I am researching CFI and the implementation of CFI in Clang. In doing so I found out that CFI can be bypassed in situations where CFI-related values stored in registers, are spilled onto the stack. An attacker could alter these values, which should be immutable, and thereby bypass CFI checks. The following article writes in detail about this:
There is also a proof of concept for this attack provided here:
As I have understood, this situation arises because the compiler attempts to maximize the use of registers. Therefore, in certain situations, register-values spills onto the stack in order to free up registers that are necessary to perform some calculation. The values are later copied back onto their registers. In particular, this can occur when a function (the caller) calls another function (the callee). If the callee must use some registers that the caller has already occupied, those register-values are saved onto the stack and the callee can then utilize the registers. Before returning to the caller, the callee will restore the registers using the values that were saved to the stack.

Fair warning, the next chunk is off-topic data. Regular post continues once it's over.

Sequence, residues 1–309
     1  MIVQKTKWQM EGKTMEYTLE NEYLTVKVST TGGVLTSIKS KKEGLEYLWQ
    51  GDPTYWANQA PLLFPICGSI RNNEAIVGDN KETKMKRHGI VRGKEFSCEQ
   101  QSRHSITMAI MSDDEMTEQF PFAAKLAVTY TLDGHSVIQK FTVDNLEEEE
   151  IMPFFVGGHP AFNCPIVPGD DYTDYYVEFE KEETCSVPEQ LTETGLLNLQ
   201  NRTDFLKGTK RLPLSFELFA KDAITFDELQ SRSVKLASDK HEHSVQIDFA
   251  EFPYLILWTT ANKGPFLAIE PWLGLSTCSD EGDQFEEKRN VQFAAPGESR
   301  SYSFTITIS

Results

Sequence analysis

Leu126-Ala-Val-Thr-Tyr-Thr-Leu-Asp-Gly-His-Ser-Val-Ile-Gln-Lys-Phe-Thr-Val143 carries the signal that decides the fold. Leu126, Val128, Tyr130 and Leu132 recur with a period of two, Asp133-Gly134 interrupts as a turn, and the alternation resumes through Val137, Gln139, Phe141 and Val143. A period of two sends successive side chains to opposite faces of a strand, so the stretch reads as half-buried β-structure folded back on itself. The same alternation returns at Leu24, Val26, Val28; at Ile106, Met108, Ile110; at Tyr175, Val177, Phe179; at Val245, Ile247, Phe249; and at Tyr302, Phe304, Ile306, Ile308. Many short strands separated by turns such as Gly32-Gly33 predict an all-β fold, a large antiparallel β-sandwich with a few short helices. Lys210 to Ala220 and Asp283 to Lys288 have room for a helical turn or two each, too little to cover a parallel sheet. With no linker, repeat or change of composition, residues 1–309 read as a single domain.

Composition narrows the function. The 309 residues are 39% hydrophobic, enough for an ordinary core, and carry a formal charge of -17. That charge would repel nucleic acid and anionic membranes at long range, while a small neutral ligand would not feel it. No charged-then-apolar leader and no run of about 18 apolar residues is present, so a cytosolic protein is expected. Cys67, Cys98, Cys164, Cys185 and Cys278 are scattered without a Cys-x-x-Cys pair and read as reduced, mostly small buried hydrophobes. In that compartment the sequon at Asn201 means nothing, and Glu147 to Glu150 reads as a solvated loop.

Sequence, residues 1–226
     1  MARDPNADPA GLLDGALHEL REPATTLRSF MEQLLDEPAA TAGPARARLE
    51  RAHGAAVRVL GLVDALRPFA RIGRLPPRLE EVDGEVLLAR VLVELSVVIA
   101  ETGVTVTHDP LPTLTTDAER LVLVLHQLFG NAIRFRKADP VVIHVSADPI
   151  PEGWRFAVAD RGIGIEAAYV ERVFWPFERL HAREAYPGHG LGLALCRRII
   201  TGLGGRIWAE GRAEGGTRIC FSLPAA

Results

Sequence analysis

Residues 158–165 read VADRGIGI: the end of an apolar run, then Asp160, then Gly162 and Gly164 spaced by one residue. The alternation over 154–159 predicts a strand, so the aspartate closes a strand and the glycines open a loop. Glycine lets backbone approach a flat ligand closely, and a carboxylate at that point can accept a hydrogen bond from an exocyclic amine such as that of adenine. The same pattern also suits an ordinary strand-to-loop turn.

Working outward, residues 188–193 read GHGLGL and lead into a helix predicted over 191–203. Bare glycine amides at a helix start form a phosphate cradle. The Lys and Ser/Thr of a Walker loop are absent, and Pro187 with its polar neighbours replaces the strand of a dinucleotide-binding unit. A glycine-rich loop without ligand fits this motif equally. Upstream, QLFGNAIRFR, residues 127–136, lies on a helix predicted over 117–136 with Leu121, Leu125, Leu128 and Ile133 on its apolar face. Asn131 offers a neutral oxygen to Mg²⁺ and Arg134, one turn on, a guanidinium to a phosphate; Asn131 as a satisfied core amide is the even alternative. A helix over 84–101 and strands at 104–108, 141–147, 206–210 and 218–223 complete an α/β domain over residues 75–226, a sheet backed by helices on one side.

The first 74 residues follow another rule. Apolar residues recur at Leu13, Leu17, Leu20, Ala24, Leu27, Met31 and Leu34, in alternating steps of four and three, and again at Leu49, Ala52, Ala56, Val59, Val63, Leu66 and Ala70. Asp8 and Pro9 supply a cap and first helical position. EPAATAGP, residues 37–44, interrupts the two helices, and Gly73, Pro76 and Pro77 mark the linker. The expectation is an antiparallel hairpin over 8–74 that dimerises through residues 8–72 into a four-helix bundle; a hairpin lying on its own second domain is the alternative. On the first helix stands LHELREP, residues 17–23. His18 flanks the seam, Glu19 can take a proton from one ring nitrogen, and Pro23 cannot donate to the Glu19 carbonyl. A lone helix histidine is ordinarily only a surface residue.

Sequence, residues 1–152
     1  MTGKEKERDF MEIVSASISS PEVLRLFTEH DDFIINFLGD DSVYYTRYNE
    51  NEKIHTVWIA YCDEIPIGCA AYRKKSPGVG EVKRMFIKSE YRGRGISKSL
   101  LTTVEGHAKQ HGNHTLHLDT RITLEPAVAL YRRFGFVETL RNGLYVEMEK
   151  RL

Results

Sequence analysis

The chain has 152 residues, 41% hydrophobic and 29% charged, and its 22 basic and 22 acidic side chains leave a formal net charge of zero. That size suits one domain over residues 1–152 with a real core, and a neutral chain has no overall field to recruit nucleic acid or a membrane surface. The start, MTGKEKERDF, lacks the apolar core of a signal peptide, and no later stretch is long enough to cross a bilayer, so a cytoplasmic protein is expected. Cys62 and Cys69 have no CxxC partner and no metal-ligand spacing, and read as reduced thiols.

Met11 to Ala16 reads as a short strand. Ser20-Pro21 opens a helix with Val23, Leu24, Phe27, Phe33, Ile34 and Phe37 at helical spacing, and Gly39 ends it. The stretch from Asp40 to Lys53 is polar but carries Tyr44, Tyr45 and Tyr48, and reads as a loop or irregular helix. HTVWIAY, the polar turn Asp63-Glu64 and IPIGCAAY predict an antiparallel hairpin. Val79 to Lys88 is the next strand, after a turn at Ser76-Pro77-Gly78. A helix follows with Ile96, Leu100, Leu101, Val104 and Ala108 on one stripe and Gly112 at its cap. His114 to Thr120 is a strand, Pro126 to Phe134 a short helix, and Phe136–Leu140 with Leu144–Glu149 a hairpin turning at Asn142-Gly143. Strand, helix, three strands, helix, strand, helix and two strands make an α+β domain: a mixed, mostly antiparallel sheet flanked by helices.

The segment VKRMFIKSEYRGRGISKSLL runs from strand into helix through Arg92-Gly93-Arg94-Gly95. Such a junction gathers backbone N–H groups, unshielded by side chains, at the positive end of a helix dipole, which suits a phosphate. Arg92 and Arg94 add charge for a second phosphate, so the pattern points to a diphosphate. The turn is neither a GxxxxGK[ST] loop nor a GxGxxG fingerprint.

The authors of the paper suggest a patch for Clang. In their patch, the CFI-related values that are spilled are not copied back, instead the values are recalculated before they are returned to their register. This seems like a decent solution to me, however I can’t find if their patch was ever implemented into Clang or not.
My question is: Did Clang ever get patched to address this issue? If not, how come? Is it because the patch provided by the authors of the article is detrimental to performance, or is there a different reason?